Store data files in one big directory
A server filesystem can store millions of files in one directory. Unless you need to store more files than this, there is no need to artificially introduce an extra layer of directories to keep the number of files per directory down to a lower number. We kept millions of files in one directory at uboot.
Often one needs to store lots of files in a filesystem. For example, at uboot.com each user has a "nickpage", and each of these nickpages requires a file, and there are about 4M users.
It is tempting to use a hierarchical directory structure for this, for example take the last two digits of the nickpage-ID and create directories for each value, then in each of these directories create directories for the 3rd/4th last digits of the nickpage-ID, and in that store the nickpage file, for example the 4,000,001st nickpage might be stored in a file like
But this decision, seemingly so obvious, contains an implicit assumption, which is wrong. It assumes one cannot store more than a few hundred files in a directory.
In 2000 a consultant for tru64 UNIX told us that one should store no more than one million files in a directory. We stored (I think) about 0.5M files per directory, and it worked fine. We had over 1M page impressions per day. Modern day hardware is much faster (CPUs, disks).
- tru64 used a tree structure for the relationship between filenames and the information about the file, similar to a normal index in a database table. (And database tables clearly support having more than a few hundred rows in a table!)
- Solaris ZFS uses a hash structure to identify files. This is even quicker in some respects (as the tree doesn't have to be traversed) and it requires fewer locks (as operations on two files do not have any common tree parent nodes) although no doubt re-hashing will have to be done if the directory expands beyond a certain limit (in contrast to the tree-approach).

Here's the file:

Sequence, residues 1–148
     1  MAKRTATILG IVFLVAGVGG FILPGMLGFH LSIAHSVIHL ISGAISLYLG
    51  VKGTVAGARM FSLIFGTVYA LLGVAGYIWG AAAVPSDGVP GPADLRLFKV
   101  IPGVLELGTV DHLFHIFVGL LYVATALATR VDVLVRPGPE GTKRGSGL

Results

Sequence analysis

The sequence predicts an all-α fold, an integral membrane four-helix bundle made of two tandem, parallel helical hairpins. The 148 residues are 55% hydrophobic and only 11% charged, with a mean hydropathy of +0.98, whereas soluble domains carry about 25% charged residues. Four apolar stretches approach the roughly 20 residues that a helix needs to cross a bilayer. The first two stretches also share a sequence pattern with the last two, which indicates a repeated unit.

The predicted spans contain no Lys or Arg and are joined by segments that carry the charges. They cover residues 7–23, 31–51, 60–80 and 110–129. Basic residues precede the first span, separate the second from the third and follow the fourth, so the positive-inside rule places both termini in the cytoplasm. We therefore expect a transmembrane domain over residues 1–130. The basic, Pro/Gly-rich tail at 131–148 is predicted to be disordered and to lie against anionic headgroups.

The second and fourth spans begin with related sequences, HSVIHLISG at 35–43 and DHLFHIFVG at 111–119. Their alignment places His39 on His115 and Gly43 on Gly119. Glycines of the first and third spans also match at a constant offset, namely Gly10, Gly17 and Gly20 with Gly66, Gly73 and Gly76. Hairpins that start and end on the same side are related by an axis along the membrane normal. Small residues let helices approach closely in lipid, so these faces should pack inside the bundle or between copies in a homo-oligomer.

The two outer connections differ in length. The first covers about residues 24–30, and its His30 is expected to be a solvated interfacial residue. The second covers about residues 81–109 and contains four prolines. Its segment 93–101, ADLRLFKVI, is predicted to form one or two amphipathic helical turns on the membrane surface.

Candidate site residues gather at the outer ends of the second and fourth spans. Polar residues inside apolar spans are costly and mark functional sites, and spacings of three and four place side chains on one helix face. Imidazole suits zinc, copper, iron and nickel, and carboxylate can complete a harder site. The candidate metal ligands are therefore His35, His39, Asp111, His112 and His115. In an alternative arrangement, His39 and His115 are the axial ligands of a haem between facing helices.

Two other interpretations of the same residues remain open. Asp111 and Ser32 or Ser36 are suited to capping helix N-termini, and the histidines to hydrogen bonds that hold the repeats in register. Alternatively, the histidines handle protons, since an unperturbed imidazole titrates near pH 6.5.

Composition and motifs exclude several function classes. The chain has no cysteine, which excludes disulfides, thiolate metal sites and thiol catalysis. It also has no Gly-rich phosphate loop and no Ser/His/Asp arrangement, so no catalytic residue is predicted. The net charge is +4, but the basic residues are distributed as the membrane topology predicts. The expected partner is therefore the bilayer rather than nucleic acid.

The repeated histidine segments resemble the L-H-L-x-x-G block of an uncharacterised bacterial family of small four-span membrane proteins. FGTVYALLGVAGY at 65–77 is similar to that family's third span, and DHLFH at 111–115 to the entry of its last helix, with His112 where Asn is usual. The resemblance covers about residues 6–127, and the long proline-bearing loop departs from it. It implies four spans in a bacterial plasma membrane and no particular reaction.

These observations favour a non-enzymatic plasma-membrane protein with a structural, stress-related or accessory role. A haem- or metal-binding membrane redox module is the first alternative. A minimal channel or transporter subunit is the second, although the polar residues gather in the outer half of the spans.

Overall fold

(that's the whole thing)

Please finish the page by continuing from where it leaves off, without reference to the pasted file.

I think one needs to do the following things with a directory containing data files:
- Find a particular file, in which case it's easier in terms of programming, and faster for the OS to deal with a flat structure, than with a structure with lots of intermediate directories.
- Do an operation on all files, for example search for particular content within all files. In that case the time is spent looking into the files, the structure of the files in the directory does not matter.
Having worked with directory structures both in terms of programming and in terms of operations and live bug-fixing, I can say that it really is simpler to have simple directory structures, and really does work in production. Being able to
vi id or
new File(directory, id+".xml") is simpler.
Using intermediate directories is really just doing in programming what the OS does for you anyway.
P.S. I like padding IDs with zeros for example
0004000001.xml, this means that files are always listed in numerical order if you sort them alphabetically. Although I assert this is something one rarely wants to do – takes a long time if you store files flat, and isn't possible at all if you store files hierarchically.